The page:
Antec Signature Platinum 1000W Report (Page 3 of 4)

Page 3 - Physical Look - Inside

As always, we opened up our Antec Signature Platinum 1000W power supply to take a detailed look at what is going on inside. Please note that doing this at home will void your 10-year warranty, thanks to the warranty seal Antec applied over one of the attachment screws. But for the benefit of you, we cracked ours open so you do not need to, haha. There are no user serviceable parts inside.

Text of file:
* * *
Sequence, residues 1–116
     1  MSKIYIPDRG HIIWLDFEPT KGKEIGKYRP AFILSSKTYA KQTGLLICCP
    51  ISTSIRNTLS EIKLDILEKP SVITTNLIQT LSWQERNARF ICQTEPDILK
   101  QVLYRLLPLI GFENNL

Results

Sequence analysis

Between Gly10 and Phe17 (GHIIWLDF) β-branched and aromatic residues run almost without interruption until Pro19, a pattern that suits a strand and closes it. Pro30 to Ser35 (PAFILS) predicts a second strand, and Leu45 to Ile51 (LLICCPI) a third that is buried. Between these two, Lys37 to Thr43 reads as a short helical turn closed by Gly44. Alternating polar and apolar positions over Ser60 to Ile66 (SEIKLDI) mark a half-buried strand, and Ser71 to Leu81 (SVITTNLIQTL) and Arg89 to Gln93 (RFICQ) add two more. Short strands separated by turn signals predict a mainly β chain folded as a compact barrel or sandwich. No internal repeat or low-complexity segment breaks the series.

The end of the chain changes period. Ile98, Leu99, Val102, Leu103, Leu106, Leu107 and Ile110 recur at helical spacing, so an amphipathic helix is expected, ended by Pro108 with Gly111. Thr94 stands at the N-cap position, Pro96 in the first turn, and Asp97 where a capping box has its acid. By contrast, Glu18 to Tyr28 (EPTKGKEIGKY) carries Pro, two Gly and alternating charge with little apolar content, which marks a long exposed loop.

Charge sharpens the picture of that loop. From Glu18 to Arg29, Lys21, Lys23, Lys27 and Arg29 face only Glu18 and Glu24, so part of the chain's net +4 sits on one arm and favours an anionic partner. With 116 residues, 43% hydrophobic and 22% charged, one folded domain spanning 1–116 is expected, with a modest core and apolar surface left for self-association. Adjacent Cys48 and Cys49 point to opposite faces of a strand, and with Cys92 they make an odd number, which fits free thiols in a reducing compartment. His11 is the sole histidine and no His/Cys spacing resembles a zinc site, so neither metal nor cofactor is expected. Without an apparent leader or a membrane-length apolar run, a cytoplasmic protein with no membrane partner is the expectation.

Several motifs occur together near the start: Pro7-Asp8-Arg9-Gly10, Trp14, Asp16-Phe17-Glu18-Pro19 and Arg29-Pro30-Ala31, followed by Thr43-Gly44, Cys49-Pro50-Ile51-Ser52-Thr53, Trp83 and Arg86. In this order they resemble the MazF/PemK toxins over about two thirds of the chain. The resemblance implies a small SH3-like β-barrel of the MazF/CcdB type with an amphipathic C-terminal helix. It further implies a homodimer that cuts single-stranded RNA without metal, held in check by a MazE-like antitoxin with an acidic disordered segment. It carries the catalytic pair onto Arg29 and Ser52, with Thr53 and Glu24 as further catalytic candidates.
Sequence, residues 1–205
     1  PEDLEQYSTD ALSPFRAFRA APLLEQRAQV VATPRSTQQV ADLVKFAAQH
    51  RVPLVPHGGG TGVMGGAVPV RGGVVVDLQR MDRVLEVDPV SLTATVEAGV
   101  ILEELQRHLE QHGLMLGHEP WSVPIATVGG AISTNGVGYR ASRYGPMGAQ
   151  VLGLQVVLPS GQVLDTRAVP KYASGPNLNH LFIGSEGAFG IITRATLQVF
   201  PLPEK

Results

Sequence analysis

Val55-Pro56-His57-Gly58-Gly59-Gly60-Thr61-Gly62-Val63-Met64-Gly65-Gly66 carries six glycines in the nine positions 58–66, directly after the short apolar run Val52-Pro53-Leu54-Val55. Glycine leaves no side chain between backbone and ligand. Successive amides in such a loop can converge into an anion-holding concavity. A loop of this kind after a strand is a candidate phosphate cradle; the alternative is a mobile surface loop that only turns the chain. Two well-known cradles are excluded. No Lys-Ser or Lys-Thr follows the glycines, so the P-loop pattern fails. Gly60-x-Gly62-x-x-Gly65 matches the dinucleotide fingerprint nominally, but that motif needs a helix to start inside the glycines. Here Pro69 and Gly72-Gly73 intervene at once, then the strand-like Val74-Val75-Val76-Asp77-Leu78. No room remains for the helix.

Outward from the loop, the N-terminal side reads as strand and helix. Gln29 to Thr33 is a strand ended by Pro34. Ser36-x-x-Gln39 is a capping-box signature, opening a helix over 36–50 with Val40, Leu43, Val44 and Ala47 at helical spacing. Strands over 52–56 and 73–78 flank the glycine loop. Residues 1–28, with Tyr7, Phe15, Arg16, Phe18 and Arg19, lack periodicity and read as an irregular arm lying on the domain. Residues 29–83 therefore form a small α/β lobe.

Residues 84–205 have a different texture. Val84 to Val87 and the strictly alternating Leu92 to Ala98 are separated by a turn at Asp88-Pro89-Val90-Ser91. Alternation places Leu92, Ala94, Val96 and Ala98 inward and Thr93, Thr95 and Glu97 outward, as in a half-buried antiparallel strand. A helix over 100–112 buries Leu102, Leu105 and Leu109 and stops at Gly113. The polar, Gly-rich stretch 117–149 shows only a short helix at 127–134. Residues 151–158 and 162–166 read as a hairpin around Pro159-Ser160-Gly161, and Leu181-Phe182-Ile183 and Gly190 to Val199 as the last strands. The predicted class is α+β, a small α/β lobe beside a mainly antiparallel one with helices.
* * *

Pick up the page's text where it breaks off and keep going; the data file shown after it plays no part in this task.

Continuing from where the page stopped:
Disassembling the Antec Signature Platinum 1000W is quite straightforward with the removal of four screws. Its OEM is Seasonic, which is one of the best manufacturers of power supplies in the world. This power supply is based off the PRIME platform, which we have reviewed two models in the past, including the Seasonic PRIME Ultra Titanium 850W and Seasonic PRIME Titanium 850W. Our photo above shows an overhead view of the its internal components. At first glance, the build quality appears to be excellent, as one would expect from the company. One unique feature of the PRIME platform is that there are no power cables inside. The rear panel daughterboard is connected to the main PCB by a copper plate to reduce electrical losses and improve output quality. There are four heatsinks inside the power supply with all of them finned at the top. They are of various sizes, as you can see in our photo above.